In terms of section 19 of the Act, the Responsible Party (business owner / employer) is required to introduce reasonable organizational and technical measures to secure the integrity and confidentiality of Personal Information. The organizational measures referred  to above includes inter alia both internal and external policies to introduce the principle of protection of personal information in the workplace, as well as the rights of data subjects.

 

To allow you more time to focus on your business, the author of this article compiled a bundle of detailed policies for your business, ready to use. This includes all relevant forms to be used and a template document with draft consent clauses / paragraphs / rules  to be incorporated into service and employment contracts, job applications, credit and other applications forms, WhatsApp and Facebook groups / pages, and Independent Contractor agreements.

 

Also included is an Operator Agreement as required in terms of section 21 of the Act and a consent letter for existing clients / service providers, to agree to the continued processing of their Personal Information beyond June 2021.

 

The policies bundle includes: 

  • Privacy notice template to be published on your website.

  • Personal information protection policy.

  • Personal information retention policy.

  • Data breach policy.

  • Data breach register - form.

  • Data breach report - form.

  • Data security policy.

  • Data subject access request policy and procedures.

  • Data subject access request forms.

  • Processing agreement with third parties as Operators - contract.

  • Data subject participation - draft consent paragraphs / clauses to be incorporated into service and employment contracts, job applications, credit and other applications forms, WhatsApp and Facebook groups / pages and Independent Contractor agreements

  • Guidelines on the appointment of deputy information officers, inclusive of appointment letter.

 

For only R3750 you can now order you set of POPI policies, ready to use. Contact Jan du Toit for further assistance at [email protected]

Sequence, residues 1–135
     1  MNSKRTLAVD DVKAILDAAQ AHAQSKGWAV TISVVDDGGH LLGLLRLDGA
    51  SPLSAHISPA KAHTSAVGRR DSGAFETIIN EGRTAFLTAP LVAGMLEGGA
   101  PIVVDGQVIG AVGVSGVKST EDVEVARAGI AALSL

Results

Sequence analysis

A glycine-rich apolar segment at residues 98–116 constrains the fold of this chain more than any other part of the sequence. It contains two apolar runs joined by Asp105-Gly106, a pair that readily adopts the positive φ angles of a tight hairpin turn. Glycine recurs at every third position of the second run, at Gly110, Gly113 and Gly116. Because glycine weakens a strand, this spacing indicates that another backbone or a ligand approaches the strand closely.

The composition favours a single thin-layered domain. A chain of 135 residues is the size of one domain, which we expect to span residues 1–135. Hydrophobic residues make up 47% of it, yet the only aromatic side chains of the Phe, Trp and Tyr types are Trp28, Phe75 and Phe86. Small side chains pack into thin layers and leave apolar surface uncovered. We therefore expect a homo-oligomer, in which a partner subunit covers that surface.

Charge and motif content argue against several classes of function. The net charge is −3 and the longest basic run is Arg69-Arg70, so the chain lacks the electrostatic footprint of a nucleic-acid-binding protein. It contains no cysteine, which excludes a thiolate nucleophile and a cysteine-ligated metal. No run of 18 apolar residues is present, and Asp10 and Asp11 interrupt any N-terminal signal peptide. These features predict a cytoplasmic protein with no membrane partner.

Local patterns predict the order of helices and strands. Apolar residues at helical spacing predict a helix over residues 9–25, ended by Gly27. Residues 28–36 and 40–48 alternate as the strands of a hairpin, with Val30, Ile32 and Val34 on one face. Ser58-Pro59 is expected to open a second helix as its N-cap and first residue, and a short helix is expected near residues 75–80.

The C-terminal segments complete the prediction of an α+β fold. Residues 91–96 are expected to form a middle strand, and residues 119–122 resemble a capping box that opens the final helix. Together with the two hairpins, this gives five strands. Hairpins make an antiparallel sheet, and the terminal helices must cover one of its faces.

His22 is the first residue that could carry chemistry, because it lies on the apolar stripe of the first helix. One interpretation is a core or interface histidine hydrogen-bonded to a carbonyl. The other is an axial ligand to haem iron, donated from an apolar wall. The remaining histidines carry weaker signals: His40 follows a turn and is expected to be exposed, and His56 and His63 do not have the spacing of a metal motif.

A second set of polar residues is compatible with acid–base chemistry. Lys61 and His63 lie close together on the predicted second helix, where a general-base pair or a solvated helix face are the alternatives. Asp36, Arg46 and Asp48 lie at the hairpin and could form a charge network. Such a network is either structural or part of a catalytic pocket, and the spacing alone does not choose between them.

Courses and Workshops

 

                   

 

POPIA: Protection of Personal Information Act

22 June 2021 (09:00 - 12:00) Fully Booked)

Interactive Online Course

22 June 2021 (13:00 - 16:00) (Fully Booked)

Interactive Online Course

23 June 2021 (09:00 - 12:00) (Fully Booked)

Interactive Online Course

23 June 2021 (13:00 - 16:00) (Fully Booked)

Interactive Online Course

29 June 2021 (09:00 - 12:00) Fully Booked)

Interactive Online Course

30 June 2021 (13:00 - 16:00)

Interactive Online Course

COVID-19 Workplace Compliance Health, Safety and Claims Management Course

23 & 24 June 2021 (08:30 - 13:00)

Inter active Online Course

Basic Labour Relations

24 June 2021 (09:00 - 16:00) (Fully Booked)

Interactive Online Course

29 July 2021 (09:00 - 16:00)

Interactive Online Course

AARTO and the Impact on Your Business

25 June 2021 (09:00 - 12:00)

Interactive Online Course

Employment Equity Committee Training

02 July 2021 (09:00 - 16:00)

Interactive Online Course

Workshop Chairing Disciplinary Hearings

15 & 16 July 2021 (09:00 - 16:00)

Interactive Online Course

Compensation for Occupational Injuries and Diseases Course

16 July 2021 (09:00 - 12:00)

Interactive Online Course

Managing Poor Performance/ Incapacity

22 July 2021 (09:00 - 12:00)

Interactive Online Course

Management and Leadership Skills

28, 29 & 30 July 2021 (08:30 - 16:00)

Interactive Online Course

The OHS Act and the Responsibilities of Management

29 July 2021 (08:30 – 16:00)

Interactive Online Course